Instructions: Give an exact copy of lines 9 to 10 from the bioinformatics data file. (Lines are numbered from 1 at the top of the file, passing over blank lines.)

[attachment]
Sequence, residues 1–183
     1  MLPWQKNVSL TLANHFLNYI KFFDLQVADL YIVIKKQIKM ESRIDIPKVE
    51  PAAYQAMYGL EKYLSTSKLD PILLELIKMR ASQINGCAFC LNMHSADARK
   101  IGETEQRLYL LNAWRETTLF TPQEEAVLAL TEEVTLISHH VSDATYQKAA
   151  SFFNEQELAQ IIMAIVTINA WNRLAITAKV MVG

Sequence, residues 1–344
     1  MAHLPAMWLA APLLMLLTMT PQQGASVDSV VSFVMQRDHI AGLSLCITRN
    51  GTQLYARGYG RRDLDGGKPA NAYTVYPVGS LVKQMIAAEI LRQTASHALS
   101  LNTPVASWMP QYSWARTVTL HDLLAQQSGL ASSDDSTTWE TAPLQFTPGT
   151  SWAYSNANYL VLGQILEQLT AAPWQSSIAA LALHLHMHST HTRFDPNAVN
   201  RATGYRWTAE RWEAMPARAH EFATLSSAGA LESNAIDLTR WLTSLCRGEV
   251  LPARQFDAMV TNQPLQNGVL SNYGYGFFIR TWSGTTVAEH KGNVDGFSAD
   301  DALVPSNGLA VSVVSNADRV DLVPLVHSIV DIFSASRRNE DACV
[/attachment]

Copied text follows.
   101  LNTPVASWMP QYSWARTVTL HDLLAQQSGL ASSDDSTTWE TAPLQFTPGT
   151  SWAYSNANYL VLGQILEQLT AAPWQSSIAA LALHLHMHST HTRFDPNAVN